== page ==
@ragingloli I am familiar with carbon nanotubes but it is still only a theoretical technical solution because, as you admit, it has not been produced on the scale required, nobody really knows how to do that, nor has the substance ever been tested on a massive scale to see if it would actually be up to the task. Material performance for a space elevator would require using a substance that is virtually indestructible and would last forever. The consequences of failure of the cable are catastrophic. Virtually nothing ever made has been engineered to last forever.

Although science has pushed human capability beyond the expectations of many, there is no reasoon to think it can solve all technical problems. That kind of soft headed thinking has created more problems than it has solved, witness the problem with nuclear waste, which is no closer to a solution now than it was when I came to adulthood, almost 40 years ago. Back then people like you were predicting that by the turn of the century we would have fusion reactors that would gobble up all that dirty spent nuclear fuel so, “Why worry? Let’s go ahead with nuclear reactors.” Functional fusion reactors – I’m not talking about lab experiments – are still only discussed on a theoretical level and the world now has more spent fuel than ever for future generations to worry about.

So, in my view, at this time the space elevator is still relegated to the realm of science fiction, only a short step closer to reality than concepts like faster than light space drive and time travel.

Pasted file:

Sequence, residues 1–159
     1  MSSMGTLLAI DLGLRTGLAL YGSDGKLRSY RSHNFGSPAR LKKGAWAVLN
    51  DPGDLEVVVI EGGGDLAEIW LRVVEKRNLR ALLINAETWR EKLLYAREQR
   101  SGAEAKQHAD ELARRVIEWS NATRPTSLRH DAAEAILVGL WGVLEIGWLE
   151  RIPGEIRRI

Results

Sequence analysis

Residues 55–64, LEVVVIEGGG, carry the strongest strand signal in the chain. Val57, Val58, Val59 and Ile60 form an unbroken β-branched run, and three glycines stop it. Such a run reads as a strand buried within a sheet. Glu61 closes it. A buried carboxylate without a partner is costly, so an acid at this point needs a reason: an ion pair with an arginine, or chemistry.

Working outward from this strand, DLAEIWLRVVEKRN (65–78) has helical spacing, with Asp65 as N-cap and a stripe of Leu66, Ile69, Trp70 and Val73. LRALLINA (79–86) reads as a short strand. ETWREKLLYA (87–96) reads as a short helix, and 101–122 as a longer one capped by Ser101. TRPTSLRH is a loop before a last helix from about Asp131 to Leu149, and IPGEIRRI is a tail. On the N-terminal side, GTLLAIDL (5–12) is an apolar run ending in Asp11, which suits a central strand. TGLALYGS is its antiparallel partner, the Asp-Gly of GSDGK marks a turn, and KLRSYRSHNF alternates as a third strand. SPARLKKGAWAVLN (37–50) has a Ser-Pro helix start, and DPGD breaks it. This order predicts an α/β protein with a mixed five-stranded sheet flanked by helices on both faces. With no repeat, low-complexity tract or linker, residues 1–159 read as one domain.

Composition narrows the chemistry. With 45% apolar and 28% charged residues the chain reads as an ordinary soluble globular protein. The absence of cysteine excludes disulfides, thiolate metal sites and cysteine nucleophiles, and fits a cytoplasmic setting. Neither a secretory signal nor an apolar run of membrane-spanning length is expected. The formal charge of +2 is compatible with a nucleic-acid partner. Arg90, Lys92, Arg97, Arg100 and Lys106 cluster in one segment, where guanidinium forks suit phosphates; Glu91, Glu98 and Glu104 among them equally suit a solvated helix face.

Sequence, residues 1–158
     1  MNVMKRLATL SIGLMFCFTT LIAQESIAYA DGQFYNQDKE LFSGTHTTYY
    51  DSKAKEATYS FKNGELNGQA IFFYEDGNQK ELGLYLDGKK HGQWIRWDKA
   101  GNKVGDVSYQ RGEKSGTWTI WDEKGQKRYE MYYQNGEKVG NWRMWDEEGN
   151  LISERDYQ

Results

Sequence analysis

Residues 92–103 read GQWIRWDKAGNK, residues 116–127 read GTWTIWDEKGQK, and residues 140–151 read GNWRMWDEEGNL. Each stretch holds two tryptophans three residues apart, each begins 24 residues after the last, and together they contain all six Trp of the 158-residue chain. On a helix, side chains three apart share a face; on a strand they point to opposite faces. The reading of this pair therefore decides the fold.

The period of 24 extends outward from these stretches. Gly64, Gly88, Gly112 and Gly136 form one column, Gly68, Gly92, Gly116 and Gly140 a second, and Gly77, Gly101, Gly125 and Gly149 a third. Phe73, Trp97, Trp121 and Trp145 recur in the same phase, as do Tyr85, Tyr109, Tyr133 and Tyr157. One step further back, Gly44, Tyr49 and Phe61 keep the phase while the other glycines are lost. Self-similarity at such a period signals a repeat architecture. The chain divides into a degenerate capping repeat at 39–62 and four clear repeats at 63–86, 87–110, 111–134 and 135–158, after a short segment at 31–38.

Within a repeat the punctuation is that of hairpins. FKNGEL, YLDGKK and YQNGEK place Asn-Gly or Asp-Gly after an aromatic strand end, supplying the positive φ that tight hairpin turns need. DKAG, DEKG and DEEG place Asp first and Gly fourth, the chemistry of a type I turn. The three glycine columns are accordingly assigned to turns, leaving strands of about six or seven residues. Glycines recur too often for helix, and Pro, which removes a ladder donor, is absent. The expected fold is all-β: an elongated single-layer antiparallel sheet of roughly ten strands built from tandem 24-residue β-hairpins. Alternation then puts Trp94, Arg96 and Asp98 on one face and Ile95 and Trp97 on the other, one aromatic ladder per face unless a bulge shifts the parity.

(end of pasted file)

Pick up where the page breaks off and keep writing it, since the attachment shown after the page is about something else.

mattbrowne's avatar

Yes, when we are ready. Economy of scale will bring down the prices of super-strong materials such as carbon nanotubes. Then it won’t cost trillions of dollars. This could happen in 2060 or later.

More than 600 years ago some visionary suggested flying machines. He might have asked people ‘Do you think flying machines are feasible?’ Most would have answered no, or pointed out it would be too expensive.

Timing is everything. Right now we are not ready for the space elevator but we should continue playing with the idea.

CaptainHarley's avatar

When it was predicted that trains would go 60 miles per hour, several scientists suggested that humans would be unable to withstand such high rates of speed.

Ron_C's avatar

I think it would be a really bad idea. Just imagine a 60 mile rope sweeping a path across the earth. There are just too many ways to screw up. What we really need is a simple efficient rail gun system to put freight into orbit for transport to other planets. Runs on electricity, no pollution, renewable energy. It may even become a way to send radioactive waste into the sun for disposal.

ro_in_motion's avatar

One thing most people don’t realise about space needles is the enormous surface area it presents: The cable would be about 36,000 km long. Even if the cable were only 1m in diameter, the total surface area would be 36,000 x .001 = 36 square miles. It would make for almost guaranteed collisions.

There have also been studies about what would happen when a cable snapped. It would yield an incredibly long, supersonic whip that wraps around the earth.

It’s a really cool idea but we have a long way to go before our safety concerns could be met.

Crashsequence2012's avatar

Carbon Nanotubes.


SmartAZ's avatar

The space elevator is an idea very popular among people who don’t understand space travel. You do not need altitude to get into space, you need orbital velocity. Delta V is the coin of the realm, not altitude. If you raise something to orbital altitude, you have to accelerate it to orbital velocity, and that takes the same amount of fuel no matter how you do it.